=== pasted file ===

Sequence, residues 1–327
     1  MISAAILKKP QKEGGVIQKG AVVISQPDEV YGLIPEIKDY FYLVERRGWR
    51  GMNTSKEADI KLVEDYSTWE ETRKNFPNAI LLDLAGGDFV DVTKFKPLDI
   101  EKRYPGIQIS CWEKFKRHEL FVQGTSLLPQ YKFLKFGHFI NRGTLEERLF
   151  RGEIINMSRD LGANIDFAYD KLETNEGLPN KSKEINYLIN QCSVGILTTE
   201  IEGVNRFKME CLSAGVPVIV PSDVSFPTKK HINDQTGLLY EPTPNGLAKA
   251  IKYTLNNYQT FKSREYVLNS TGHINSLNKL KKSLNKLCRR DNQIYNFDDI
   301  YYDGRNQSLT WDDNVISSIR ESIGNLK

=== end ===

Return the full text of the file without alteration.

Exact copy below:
Sequence, residues 1–327
     1  MISAAILKKP QKEGGVIQKG AVVISQPDEV YGLIPEIKDY FYLVERRGWR
    51  GMNTSKEADI KLVEDYSTWE ETRKNFPNAI LLDLAGGDFV DVTKFKPLDI
   101  EKRYPGIQIS CWEKFKRHEL FVQGTSLLPQ YKFLKFGHFI NRGTLEERLF
   151  RGEIINMSRD LGANIDFAYD KLETNEGLPN KSKEINYLIN QCSVGILTTE
   201  IEGVNRFKME CLSAGVPVIV PSDVSFPTKK HINDQTGLLY EPTPNGLAKA
   251  IKYTLNNYQT FKSREYVLNS TGHINSLNKL KKSLNKLCRR DNQIYNFDDI
   301  YYDGRNQSLT WDDNVISSIR ESIGNLK